Finally let the mount run for a few minutes, again this will ensure that all parts will reach a stable temperature.
In theory an apochromatic refractor of a long focal length and large aperture would be ideal for imaging the planets, Moon and Sun at high powers. However, such instruments are prohibitively expensive at apertures above 127mm. Refactors do not suffer from tube currents, cool down quickly, are not affected as much from atmospheric turbulence and as such deliver high contrast images unlike instruments with central obstructions like catadioptric telescopes and Newtonian reflectors.
When considering centrally obstructed instruments an obstruction less than 18% of the diameter and closer to 15% will produce near ‘refractor like’ images, however mass produced catadioptric telescopes typically have large obstructions of 33%-36% that markedly reduce contrast. Still large catadioptric telescopes and Newtonian reflectors can make up by aperture to a moderate degree.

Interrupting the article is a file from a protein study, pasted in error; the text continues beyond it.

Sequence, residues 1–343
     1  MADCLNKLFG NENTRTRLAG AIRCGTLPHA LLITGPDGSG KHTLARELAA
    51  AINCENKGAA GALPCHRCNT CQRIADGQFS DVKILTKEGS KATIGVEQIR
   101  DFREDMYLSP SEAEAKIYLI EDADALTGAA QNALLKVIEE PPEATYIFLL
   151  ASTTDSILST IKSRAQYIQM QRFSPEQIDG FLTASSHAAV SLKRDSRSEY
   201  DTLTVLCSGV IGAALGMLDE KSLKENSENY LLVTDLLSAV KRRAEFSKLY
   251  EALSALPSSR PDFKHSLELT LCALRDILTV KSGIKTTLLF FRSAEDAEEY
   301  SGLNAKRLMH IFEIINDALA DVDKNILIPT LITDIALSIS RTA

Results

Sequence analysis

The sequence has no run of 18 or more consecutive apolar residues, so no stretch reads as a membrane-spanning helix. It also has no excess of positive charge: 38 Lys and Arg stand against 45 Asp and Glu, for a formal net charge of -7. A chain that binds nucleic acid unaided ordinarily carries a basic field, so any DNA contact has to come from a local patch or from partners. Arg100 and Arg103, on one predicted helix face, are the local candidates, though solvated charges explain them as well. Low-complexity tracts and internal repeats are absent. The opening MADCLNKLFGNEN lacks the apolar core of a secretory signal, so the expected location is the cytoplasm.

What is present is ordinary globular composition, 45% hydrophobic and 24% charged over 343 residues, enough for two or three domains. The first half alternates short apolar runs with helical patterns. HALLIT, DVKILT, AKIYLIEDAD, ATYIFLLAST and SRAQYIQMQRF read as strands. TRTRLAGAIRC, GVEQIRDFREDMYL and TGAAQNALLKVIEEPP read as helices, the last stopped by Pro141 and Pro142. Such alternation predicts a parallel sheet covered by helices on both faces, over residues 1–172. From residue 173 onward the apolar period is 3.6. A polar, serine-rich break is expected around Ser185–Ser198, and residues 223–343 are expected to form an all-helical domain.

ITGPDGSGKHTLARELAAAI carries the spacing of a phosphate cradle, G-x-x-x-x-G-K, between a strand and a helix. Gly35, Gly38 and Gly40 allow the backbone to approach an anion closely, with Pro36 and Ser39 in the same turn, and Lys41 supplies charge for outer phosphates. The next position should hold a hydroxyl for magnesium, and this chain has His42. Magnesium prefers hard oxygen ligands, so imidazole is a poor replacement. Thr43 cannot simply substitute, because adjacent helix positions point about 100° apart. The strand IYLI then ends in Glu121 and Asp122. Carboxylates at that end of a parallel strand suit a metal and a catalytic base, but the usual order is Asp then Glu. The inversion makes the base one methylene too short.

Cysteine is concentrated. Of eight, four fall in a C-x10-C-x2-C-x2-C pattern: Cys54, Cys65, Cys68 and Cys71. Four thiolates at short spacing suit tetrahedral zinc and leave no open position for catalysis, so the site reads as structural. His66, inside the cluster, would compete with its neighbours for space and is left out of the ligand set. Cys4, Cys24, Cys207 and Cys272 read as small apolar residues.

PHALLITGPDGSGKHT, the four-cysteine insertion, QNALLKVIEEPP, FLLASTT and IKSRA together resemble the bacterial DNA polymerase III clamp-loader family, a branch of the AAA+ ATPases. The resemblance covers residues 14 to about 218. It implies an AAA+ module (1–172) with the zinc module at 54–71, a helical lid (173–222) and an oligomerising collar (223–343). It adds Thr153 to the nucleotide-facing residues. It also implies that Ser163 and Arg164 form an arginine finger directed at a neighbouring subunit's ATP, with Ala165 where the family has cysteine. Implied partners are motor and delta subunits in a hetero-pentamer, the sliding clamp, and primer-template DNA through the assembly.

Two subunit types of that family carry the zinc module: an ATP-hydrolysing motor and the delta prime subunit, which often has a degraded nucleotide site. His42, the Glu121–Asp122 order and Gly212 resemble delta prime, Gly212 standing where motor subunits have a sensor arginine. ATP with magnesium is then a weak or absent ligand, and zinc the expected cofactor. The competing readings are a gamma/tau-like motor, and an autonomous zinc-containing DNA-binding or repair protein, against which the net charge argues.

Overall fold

Schmidt Cassegrain telescopes will still perform better than Newtonian reflectors due to reduced internal currents and the lack of secondary mirror supports that introduce diffraction.
Maksutov designs will typically outperform both Schmidt Cassegrain and Newtonian reflector telescopes by optical design alone.
Finally, Advanced Coma Free (ACF) telescopes are excellent all-round instruments combining large apertures, high contrast and affordability.
Still, amateur astronomers have produced high quality images with all the types of telescopes mentioned above so there is nothing much to hold you back.
In general, it is preferable to start with an instrument with a long focal length when imaging at high magnifications. If you use a catadioptric telescope or Newtonian reflector longer focal ratio instruments (f15+ and f6+ respectively) will capture images of higher contrast, in general longer focal ratio instruments benefit from smaller central obstructions. However, in terms of a Newtonian reflector an 200mm F6 instrument is a long instrument and a 250mm F6 is difficult to manage due to its weight, bulk and susceptibly to the wind; a 250mm F8 does not bear thinking.